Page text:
Paranorm – Empyrean Review

I still remember the day that I purchased Death‘s Symbolic. As a fairly late adopter of heavy metal at the over-ripe age of 20, I spent the first five or so years of my metal life diving into some of the genre’s seminal discographies. The classic periods of Maiden, Priest, Metallica, and Megadeth served as the core of my curriculum, and as I studied the map of metal evolution, all roads forward seemed to lead me straight to Death. By the time I purchased Symbolic, Chuck was long gone, and I felt an almost mythical weight upon me as I began to explore his work. The quintessential example of how a record can be technical and progressive without ever devolving into overwrought complexity, Symbolic is without a doubt one of the most perfect achievements in the history of music. So why the hell am I talking about a record that turns 26 next month when I should be talking about up-and-coming Swedish thrash band Paranorm and their debut album Empyrean? I don’t know, but let’s find out together.

This may be their debut full-length, but Uppsala’s Paranorm are no spring chickens in the thrash game. According to legend — and the band’s social media accounts — Paranorm was formed by three high school friends on a hot summer night in 2007 to the sound of Megadeth‘s Rust in Peace blasting from the stereo. After an initial run of a demo and a couple EPs, the band has been quiet for the last seven years. What could they possibly have been doing during such a long break from writing? If Empyrean is any indication, they spent the time searching for, discovering, and studying some powerful relic that confers ancient, arcane knowledge of the five magics of metal mastery, because this record is a progressive thrash metal monster. Yes, there will be those who shout Vektor as a primary reference here, but to my ears, Empyrean finds Paranorm channeling Rust in Peace, Master of Puppets, and Symbolic as they weave a tapestry of thoughtful, brilliant violence.

Lead single and album opener “Critical Mass” doesn’t waste any time letting you know that Paranorm will take no prisoners on Empyrean. The intro riff reveals the record’s to-die-for guitar tone, and lead guitarist Fredrik Kjellgren fires off a snappy shred solo before the first verse arrives and rhythm guitarist and vocalist Markus Hiltunen drops in with a growl that straddles the line between death and black metal. That verse is immediately followed by a short but breathtaking riff that bathes in the transcendent glory of Chuck Schuldiner, and the main riff reveals Paranorm‘s tendency to bolster their thrash sound with a touch of Swedish melodeath. The song packs an impressive amount of technical skill into a mere five minutes, but it never loses its identity as a fucking thrash track. It’s a microcosm of the universe that is Empyrean, a record that throws so much at you that you can’t possibly absorb a quarter of it on the first spin, but also comes loaded with enough groove and melody to be immediately accessible.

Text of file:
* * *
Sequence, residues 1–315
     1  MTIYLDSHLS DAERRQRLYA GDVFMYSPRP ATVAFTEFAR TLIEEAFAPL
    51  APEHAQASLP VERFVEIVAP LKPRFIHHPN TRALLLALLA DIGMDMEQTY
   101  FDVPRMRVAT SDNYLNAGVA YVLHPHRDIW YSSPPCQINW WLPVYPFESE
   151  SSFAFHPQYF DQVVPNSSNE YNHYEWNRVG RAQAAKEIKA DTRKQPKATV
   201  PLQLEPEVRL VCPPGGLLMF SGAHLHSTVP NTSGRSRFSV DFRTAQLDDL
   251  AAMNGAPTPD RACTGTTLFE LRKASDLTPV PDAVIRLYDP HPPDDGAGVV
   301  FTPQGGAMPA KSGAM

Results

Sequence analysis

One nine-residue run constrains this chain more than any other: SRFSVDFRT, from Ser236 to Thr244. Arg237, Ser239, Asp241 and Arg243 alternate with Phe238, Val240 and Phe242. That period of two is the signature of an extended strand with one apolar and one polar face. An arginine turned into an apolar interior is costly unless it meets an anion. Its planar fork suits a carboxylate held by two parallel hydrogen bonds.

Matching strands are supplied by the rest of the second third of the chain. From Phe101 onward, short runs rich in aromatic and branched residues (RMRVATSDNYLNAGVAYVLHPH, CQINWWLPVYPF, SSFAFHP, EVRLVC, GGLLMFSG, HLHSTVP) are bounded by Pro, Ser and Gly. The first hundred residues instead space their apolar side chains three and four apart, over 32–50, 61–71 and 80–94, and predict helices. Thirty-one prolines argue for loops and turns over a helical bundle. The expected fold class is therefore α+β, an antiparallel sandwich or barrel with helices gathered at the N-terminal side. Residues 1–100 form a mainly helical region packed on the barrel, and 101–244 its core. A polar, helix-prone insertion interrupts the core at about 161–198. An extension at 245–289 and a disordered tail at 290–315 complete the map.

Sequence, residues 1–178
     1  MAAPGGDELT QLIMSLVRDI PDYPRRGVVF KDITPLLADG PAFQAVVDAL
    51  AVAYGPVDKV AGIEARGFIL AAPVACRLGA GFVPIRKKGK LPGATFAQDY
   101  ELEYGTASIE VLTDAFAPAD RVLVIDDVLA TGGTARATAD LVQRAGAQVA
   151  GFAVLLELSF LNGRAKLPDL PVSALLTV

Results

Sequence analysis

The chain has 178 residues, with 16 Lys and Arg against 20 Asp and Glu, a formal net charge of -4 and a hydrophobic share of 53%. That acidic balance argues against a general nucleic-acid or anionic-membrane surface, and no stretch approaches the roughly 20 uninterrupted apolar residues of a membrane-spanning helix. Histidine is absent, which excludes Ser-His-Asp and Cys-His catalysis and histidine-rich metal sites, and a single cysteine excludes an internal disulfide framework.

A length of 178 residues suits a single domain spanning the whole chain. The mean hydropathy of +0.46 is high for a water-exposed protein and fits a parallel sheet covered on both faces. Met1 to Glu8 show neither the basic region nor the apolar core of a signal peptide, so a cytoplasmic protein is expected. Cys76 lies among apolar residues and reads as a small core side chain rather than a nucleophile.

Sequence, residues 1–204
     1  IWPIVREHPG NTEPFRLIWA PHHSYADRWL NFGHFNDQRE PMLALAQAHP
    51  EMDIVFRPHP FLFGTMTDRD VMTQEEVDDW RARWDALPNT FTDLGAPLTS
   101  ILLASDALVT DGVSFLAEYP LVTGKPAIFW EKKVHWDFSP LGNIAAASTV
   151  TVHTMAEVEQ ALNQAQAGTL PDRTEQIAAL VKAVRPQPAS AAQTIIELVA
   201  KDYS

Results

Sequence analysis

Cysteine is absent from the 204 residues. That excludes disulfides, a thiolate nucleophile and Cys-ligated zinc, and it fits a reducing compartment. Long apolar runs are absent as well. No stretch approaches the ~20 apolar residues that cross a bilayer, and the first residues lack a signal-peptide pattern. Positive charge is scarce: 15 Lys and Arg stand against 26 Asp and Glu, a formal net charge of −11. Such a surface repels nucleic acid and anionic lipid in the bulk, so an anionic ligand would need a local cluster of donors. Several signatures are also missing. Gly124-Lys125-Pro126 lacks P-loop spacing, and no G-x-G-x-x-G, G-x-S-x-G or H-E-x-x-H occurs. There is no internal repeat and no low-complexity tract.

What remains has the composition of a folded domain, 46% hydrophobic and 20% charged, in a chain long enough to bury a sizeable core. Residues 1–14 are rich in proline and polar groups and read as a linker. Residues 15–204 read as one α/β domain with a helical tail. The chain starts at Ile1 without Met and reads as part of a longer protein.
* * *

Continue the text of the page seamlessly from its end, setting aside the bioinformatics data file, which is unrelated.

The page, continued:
Each and every track found on Empyrean is a raging banger. “Immortal Generation” questions the impact of technology on the human condition with intricate high string riffs and some of the most beautiful leads I’ve ever heard, “Cannibal” runs on pure, uncut Megadeth riff power, and “Intelligence Explosion” is an impossibly fast tornado of souls with an excellent Iron Maiden-style harmonized lead section — and these are just some of the shorter songs. The longer tracks are where the magic really happens, Lucretia. “Edge of the Horizon” begins with a lone acoustic guitar that builds to a brief flamenco fever before the electricity comes back on for a melodic flourish, leading to the arrival of an absolutely filthy “Disposable Heroes” riff that carries us off on a journey rife with guitar histrionics. The epic title track and “Desolate Worlds (Distant Dimensions)” both feature frantic rhythms but dial up the emotive melodicism with majestic middle sections. Some might complain that Hiltunen’s vocal delivery is a bit one-dimensional, but these songs already have a lot going on. I find the vocals perfectly suit the style and actually ground me to the songs while the guitars are off going bonkers. In the end, Hiltunen and Kjellgren fill eight tracks and 54 minutes with riffs and leads that remind me of Hetfield, Schuldiner, Mustaine, and Friedman. To put it simply, these guys are a god-tier guitar duo.

So why did I spend the entire introduction to this review talking about a Death album? Because listening to Empyrean reminds me of the way I felt as I unpacked Symbolic over the weeks and months after I got it. Thanks to its strong influences, I get a wonderful sense of nostalgia while listening to this record, but after two dozen spins, it still makes me feel as if I’ve never heard anything quite like it. Paranorm makes thinking-person’s metal, but holy wars, Batman, it’ll still give you the punishment for which you’re undoubtedly due.

Rating: 4.5/5.0
DR: 8 | Format Reviewed: 320 kbps mp3
Label: Redefining Darkness Records
Websites: |
Releases Worldwide: February 26th, 2021

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